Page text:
The appearance of this sneaky “BA.2” sub-variant – “subline” is the scientific term – is the latest development in the still-developing crisis that the BA.1 Omicron baseline triggered after officials health officials in South Africa confirmed the new lineage, with its dozens of key mutations, two weeks ago.
The difficult to distinguish BA.2 subline is also a powerful reminder to the unvaccinated to get vaccinated and to the unboosted to get a boost. There is a lot we don’t know about Omicron and its sublines, but the first signs are that the major vaccines are still working very well against them. And, of course, all jabs work even better with a boost.
Scientists first detected the devious BA.2 days ago after genetically sequencing a batch of test samples collected by officials in South Africa, Australia and Canada. So far, the sub-variant has been identified in 30 countries and six continents.
“You can still detect it by PCR, but you cannot distinguish it from the dominant Delta strain,” Rob Knight, head of a genetic computation lab at the University of California at San Diego, told The Daily Beast. In other words, a PCR test can tell you that you have COVID, but it could not tell you that you specifically caught BA.2.
To be fair, this indistinguishability could be a problem. If Omicron and its sublines prove to be more dangerous than Delta and its sublines, then it would be very important to know exactly how many Omicron cases there are as a subset of all COVID infections. That is, how far into the population Omicron has “penetrated”, to borrow the term epidemiological.
“It is possible that this so-called ‘stealth variant’ means that there is more penetration of these disturbing variants in circulation than we realize,” said Lawrence Gostin, a global health expert at the University. from Georgetown, to the Daily Beast. This does not mean that we are powerless to assess the potential surge being fueled by Omicron in cases that already appear to be underway in much of the world. This Is means we’re catching up as we fine-tune our PCR tests and perform more detailed genetic sequencing of samples.
To understand how BA.2 could be hiding behind Delta, potentially obscuring the true extent of Omicron’s spread, you need to understand how PCR testing works. PCR involves a sample of the potential virus and a “primer” that the test creators adapted to encourage the virus to replicate. Expose the sample to the primer and wait a bit. If the virus replicates, you have a positive test result.
Here is the trap. PCR tests cannot distinguish one line of a particular virus from another. You can design the primer to match some unique attributes of the lineage that worries you the most, but since many lineages share genetic characteristics, the test may be positive for the virus but inconclusive for the lineage.
Experts initially hoped that we could use the same PCR test we used to detect the older SARS-CoV-2 Alpha line to find Omicron as well. This is because Alpha and Omicron share a genetic marker. “A deletion of amino acids 69 and 70 in the Spike gene,” according to Niema Moshiri, a geneticist at the University of California, San Diego.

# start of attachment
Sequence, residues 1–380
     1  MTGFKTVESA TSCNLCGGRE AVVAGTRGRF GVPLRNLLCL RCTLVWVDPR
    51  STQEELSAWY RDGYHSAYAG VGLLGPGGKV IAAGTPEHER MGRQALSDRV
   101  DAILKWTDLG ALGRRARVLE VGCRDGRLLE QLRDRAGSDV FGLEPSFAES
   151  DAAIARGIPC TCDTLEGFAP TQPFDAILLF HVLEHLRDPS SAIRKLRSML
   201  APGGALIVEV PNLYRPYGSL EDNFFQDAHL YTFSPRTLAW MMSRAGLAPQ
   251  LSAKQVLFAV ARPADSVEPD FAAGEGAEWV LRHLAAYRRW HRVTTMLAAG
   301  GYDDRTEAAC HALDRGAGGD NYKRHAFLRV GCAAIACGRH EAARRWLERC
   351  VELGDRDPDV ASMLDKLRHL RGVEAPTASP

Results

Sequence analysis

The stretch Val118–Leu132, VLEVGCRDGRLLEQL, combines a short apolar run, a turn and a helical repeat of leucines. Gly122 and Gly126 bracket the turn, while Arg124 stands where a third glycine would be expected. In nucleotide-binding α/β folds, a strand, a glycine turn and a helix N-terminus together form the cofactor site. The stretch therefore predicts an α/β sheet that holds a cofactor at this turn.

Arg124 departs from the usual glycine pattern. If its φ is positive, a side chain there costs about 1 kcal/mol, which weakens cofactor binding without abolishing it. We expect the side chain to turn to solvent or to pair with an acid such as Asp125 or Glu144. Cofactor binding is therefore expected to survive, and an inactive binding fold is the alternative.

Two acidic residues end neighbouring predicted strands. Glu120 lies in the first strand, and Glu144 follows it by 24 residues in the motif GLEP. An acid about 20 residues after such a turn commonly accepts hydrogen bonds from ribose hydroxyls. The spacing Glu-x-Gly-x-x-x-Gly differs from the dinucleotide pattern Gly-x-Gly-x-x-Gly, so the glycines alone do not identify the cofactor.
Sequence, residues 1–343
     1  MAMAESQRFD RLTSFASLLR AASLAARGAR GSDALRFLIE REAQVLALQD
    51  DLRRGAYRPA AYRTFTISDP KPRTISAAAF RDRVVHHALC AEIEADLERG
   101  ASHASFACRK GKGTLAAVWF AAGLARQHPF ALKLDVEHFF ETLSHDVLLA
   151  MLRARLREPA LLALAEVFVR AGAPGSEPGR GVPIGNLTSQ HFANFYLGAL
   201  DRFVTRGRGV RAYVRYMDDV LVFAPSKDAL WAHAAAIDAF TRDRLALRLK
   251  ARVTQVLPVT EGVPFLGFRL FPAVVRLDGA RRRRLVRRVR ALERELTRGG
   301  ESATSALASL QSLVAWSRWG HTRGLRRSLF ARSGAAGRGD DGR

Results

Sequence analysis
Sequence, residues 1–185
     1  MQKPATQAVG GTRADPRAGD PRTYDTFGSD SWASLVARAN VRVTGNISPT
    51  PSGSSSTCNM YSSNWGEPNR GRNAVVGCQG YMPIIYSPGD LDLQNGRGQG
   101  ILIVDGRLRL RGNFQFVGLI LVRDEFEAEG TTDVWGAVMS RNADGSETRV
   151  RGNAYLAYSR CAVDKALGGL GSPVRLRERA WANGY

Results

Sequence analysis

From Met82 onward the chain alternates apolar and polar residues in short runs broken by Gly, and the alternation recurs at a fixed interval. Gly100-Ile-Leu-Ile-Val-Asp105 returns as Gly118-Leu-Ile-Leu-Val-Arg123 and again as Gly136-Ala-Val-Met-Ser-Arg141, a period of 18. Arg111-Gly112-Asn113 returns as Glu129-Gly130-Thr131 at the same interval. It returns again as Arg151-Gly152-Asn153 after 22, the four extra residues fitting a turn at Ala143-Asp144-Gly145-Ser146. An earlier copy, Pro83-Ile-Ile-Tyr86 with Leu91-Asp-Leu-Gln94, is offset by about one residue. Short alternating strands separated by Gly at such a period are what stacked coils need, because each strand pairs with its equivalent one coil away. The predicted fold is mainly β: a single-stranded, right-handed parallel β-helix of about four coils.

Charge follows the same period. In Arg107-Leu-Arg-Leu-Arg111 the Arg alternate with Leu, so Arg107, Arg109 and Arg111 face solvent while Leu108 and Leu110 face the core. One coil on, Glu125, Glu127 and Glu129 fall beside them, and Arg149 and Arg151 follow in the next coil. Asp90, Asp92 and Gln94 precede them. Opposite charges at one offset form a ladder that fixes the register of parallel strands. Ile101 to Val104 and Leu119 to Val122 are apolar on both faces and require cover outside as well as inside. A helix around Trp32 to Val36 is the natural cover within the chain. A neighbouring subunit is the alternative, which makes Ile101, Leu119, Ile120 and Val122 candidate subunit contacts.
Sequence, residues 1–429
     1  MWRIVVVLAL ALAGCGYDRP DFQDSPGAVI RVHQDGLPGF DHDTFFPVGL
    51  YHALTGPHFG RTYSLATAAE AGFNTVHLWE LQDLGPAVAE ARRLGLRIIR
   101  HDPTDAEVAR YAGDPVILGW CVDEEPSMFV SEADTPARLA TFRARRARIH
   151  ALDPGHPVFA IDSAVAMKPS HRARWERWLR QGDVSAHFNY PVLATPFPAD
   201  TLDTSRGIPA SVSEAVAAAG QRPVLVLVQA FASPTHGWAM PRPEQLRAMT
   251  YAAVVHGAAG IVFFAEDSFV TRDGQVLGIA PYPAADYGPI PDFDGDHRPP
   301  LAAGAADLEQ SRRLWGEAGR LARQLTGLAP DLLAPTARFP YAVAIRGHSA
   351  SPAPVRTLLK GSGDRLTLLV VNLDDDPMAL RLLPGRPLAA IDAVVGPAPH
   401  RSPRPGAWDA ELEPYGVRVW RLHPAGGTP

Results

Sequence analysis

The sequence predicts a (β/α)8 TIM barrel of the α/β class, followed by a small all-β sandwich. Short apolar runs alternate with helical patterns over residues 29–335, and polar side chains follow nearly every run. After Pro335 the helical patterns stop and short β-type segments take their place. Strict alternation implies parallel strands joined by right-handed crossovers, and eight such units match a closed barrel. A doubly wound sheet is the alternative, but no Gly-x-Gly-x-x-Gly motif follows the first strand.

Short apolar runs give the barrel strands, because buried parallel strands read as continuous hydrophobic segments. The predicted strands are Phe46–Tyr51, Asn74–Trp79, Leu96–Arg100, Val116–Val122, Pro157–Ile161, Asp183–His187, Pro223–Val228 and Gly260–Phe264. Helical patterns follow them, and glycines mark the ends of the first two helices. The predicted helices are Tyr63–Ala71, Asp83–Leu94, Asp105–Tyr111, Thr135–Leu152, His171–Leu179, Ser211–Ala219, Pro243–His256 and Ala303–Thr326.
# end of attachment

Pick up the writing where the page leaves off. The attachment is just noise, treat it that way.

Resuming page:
Here is the problem. “Omicron’s new sub-line, BA.2, doesn’t have this deletion,” Moshiri told The Daily Beast. Guess which lineage too omit this deletion? That’s right: Delta. So lab technicians who use old Alpha tests to search for Omicron might miss the BA.2 cases. Meanwhile, techs looking for Delta could also accidentally count a bunch of BA.2 cases.
The ambiguity of the tests could slow us down as we try to understand how bad Omicron is and where and how fast it is spreading. But that will not really prevent us from understanding or approaching the new lines and his sub-lines.
After all, we still rely on detailed genetic sequencing, as opposed to rapid PCR tests, to really scrutinize and track the novel coronavirus. “With sequencing, we would be able to determine the lineage anyway, regardless of BA.1 or BA.2,” Moshiri explained.
But sequencing costs more than testing and takes longer. “It’s a significant problem,” Knight said.
Yet BA.2’s inability to hide from sequencing is why University of Washington virologist Keith Jerome said he wasn’t so worried. Jerome’s lab detected the first three cases of Omicron in Washington state last week. Washington is sequencing 14% of the tests, Jerome said, so BA.2 cannot stay hidden for long. “This Omicron sub-variant might go into hiding for a day or two, but if it becomes common, we’ll find it through random sequencing. “
All that to say, yes BA.2 is a problem. The extent of a problem depends, to a large extent, on how serious Omicron is after further study. “It could be that these variants could be considered a new post-pandemic normal, just like the flu, in which case the tests – while important for detecting hot spots and for assessing or projecting likely loads – may not be. too vital, ”Edwin Michael, an epidemiologist with the Center for Global Health Infectious Disease Research at the University of South Florida, told The Daily Beast.
Either way, BA.2 is a problem with obvious solutions. New PCR primers. No more sequencing. And, as always, masks, vaccines and boosters. “I know everyone is ‘excited’ about Omicron,” Stephanie James, head of a COVID testing lab at Regis University in Colorado, told The Daily Beast. “But variations are expected by the scientific community. The advice is the same–get vaccinated and wear a mask.